Our 100,000 Forms of Life
By Jeremy Lloyd, special programs coordinator Great Smoky Mountains Institute at Tremont
Close friends of mine recently had a baby girl, and though their first step onto the life-long road of parenthood is barely underway it is easy to imagine them years from now flashing pictures of her to unsuspecting passers-by, describing ad nauseam every achievement she will have accomplished by then.
Naturalists in the Great Smoky Mountains, parents or not, have something else to brag about: the mountains themselves. Not just anything about the Smokies, but rather everything. That is, the profound biodiversity of the Southern Appalachians — grandiose, profuse, and fecund beyond reason.
For instance, if I were to meet a naturalist from, say, What Cheer, Iowa, — yes, that’s a real town — and we were to compare notes about the respective ecosystems in which we dwell, here is an abbreviated Wow!-fest about Great Smoky Mountains National Park that would spill out of my mouth like so many baby pictures from a wallet:
Original Forest: Probably the largest contiguous fragment of uncut (old-growth) forest left in the eastern U.S., conservatively estimated at 100,000 acres, or about 20% of the Park’s total area.
Unfragmented Forest: One of the largest forested areas left in the eastern U.S. with over 95% of the Parks half million acres in natural forest.
Trees: Although only 1/5,000 the size of Europe, the Smokies have at least as many species of trees plus almost twenty national champions, more than any other park, forest, refuge, or other area in the United States.
Vascular Plants: More species recorded than any other unit of the National Park Service.
Neotropical Migrant Birds: The Southern Appalachians host one of the highest diversities of breeding neotropical migrants of any region in the U.S. The high numbers of species in the Park is due in part to the physical structure of old-growth forests.
Salamanders: With 30 species of salamanders representing 12 genera, the Park is the Salamander Capitol of the World, signifying what ecologists call “deep diversity.” As far as sheer numbers go, salamanders probably outweigh all other vertebrates in the park combined.
Hymenoptera: One of the largest orders of insects in the world, within which parasitic wasps make up the largest group. Ongoing work on this group indicates that the greatest abundance, and possibly their greatest diversity in the hemisphere, may lie in the old-growth forests of the Park.
Millipedes: The greatest diversity in North America lies in the Southern Appalachians.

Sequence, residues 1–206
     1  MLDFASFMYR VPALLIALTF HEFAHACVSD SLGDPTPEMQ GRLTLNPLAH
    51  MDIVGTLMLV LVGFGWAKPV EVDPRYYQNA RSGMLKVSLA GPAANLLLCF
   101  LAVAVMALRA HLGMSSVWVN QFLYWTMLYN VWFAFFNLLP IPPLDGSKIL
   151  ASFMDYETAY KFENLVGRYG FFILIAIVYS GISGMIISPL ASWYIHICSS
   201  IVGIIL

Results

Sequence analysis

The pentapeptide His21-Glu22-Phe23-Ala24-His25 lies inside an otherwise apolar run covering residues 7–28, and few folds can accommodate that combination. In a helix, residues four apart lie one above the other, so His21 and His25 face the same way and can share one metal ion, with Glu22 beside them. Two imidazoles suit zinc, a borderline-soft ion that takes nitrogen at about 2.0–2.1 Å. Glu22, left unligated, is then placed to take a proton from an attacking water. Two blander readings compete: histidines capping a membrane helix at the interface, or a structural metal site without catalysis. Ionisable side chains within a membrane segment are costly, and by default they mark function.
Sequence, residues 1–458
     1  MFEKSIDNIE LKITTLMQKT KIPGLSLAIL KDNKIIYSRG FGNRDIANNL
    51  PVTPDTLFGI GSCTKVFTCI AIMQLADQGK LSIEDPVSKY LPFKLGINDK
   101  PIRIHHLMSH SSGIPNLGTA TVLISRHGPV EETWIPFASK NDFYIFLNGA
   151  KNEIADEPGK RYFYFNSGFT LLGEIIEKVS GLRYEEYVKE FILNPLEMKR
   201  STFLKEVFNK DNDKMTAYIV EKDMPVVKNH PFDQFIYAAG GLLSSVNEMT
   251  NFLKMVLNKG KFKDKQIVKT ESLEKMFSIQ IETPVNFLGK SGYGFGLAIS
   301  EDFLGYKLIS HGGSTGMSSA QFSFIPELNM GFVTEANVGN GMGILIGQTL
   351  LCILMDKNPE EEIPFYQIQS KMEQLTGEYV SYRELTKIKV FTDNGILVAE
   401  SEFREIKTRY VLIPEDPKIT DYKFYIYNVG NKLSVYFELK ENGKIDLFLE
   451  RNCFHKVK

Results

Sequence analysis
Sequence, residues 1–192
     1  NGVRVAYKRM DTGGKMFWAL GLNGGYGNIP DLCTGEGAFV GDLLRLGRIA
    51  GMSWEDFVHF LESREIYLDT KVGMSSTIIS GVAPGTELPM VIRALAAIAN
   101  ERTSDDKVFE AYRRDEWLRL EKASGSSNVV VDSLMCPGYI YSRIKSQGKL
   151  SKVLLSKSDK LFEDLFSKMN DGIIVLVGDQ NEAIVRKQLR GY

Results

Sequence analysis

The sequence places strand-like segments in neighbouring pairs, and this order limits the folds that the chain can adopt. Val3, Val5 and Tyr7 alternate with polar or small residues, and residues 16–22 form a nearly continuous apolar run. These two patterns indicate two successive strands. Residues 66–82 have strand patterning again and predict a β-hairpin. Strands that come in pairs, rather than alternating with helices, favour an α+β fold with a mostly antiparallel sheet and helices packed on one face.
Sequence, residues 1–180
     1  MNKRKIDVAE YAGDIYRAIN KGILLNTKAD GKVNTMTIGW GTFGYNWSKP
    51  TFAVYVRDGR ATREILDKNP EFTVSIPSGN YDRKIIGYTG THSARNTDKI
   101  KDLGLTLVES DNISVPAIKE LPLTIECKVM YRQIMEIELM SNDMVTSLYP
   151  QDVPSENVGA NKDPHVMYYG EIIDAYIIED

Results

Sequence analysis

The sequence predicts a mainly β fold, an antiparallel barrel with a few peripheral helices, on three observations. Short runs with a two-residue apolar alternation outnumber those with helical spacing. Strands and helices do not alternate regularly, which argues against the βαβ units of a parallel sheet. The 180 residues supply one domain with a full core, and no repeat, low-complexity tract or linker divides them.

Spiders: Studies indicate that the Park probably has the highest diversity of any temperate forest area in the United States. Currently, 10% of the spiders being cataloged from the Park represent undescribed species.
Molluscs: Land snails have high species diversity, with nearly 50% of the eastern U.S. fauna expected in the Park.
Other Groups: The Smokies boasts 70 species of fishes, nearly 400 species of lichen, 1,500 species of plants, and 2,100 species of fungi which, when combined with all of the above, while excluding viruses, bacteria and protists, brings an estimated total number of forms of life in the Park to 100,000.
Despite our knowledge about the Park’s inhabitants, the words of Harry Middleton, writer and avid fly-fisherman of these environs, pretty much sums it up: “We know just enough to know that we know little, if anything.” However, biologists and researchers galore hope to understand more fully just how diverse the Smokies are, as part of the All Taxa Biodiversity Inventory project that has been underway for some time. Findings of many hitherto undiscovered species are expected.
Plainly enough, the Great Smoky Mountains host the richest biodiversity of any area in the United States. and the area is one of the most diverse temperate regions in the world.
During the Ice Age, glaciers never touched the soils here, creating an ancient humus layer for the richest floral community of any national park. Some of the highest peaks in eastern North America exist here, providing habitats more akin to Maine only several thousand feet in elevation — as opposed to several thousand miles — from more typically southern habitats. Similarly, the higher elevations provide refuge for boreal communities during warmer climatic intervals.
In addition, the north-south orientation of the Appalachian Mountains allows them to be a corridor for migration during radical climate changes rather than a barrier such as the European Alps. The proximity of the Gulf of Mexico provides for abundant, year-round moisture.
Finally, whoever said “Nature does not so much abhor a vacuum as adore fullness” caps off all the reasons why the Great Smoky Mountains are so full of life. It is that fullness that those of us at Tremont adore and love to share with others, bringing us back to the mountains time and time again to discover its riches.
Jeremy Lloyd is a special programs coordinator at the Great Smoky Mountains Institute at Tremont. He is the author of “Great Smoky Mountains National Park Pocket Guide & Journal,” as well as “A Home In Walker Valley: The Story of Tremont,” both published by Great Smoky Mountains Association.